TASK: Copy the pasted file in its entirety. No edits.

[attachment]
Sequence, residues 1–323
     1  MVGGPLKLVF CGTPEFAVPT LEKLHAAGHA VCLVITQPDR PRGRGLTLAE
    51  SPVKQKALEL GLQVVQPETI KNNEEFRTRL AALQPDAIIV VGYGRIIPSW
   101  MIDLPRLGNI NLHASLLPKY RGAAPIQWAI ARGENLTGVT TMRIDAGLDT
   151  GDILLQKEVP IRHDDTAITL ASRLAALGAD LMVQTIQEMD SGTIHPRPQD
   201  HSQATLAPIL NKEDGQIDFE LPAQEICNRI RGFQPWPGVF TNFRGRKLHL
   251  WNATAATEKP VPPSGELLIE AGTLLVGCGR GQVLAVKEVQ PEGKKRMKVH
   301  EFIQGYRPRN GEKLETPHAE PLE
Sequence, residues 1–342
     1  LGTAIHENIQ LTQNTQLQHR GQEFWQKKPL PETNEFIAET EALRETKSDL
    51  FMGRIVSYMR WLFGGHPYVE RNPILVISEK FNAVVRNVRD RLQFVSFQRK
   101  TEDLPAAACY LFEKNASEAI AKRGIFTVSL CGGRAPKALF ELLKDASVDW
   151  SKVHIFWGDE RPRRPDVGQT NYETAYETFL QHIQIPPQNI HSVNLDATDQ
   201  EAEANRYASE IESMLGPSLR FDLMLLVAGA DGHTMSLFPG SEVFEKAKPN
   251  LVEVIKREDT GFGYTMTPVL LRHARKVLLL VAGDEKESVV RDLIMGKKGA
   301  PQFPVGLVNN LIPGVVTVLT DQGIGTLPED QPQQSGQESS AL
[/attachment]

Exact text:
Sequence, residues 1–323
     1  MVGGPLKLVF CGTPEFAVPT LEKLHAAGHA VCLVITQPDR PRGRGLTLAE
    51  SPVKQKALEL GLQVVQPETI KNNEEFRTRL AALQPDAIIV VGYGRIIPSW
   101  MIDLPRLGNI NLHASLLPKY RGAAPIQWAI ARGENLTGVT TMRIDAGLDT
   151  GDILLQKEVP IRHDDTAITL ASRLAALGAD LMVQTIQEMD SGTIHPRPQD
   201  HSQATLAPIL NKEDGQIDFE LPAQEICNRI RGFQPWPGVF TNFRGRKLHL
   251  WNATAATEKP VPPSGELLIE AGTLLVGCGR GQVLAVKEVQ PEGKKRMKVH
   301  EFIQGYRPRN GEKLETPHAE PLE
Sequence, residues 1–342
     1  LGTAIHENIQ LTQNTQLQHR GQEFWQKKPL PETNEFIAET EALRETKSDL
    51  FMGRIVSYMR WLFGGHPYVE RNPILVISEK FNAVVRNVRD RLQFVSFQRK
   101  TEDLPAAACY LFEKNASEAI AKRGIFTVSL CGGRAPKALF ELLKDASVDW
   151  SKVHIFWGDE RPRRPDVGQT NYETAYETFL QHIQIPPQNI HSVNLDATDQ
   201  EAEANRYASE IESMLGPSLR FDLMLLVAGA DGHTMSLFPG SEVFEKAKPN
   251  LVEVIKREDT GFGYTMTPVL LRHARKVLLL VAGDEKESVV RDLIMGKKGA
   301  PQFPVGLVNN LIPGVVTVLT DQGIGTLPED QPQQSGQESS AL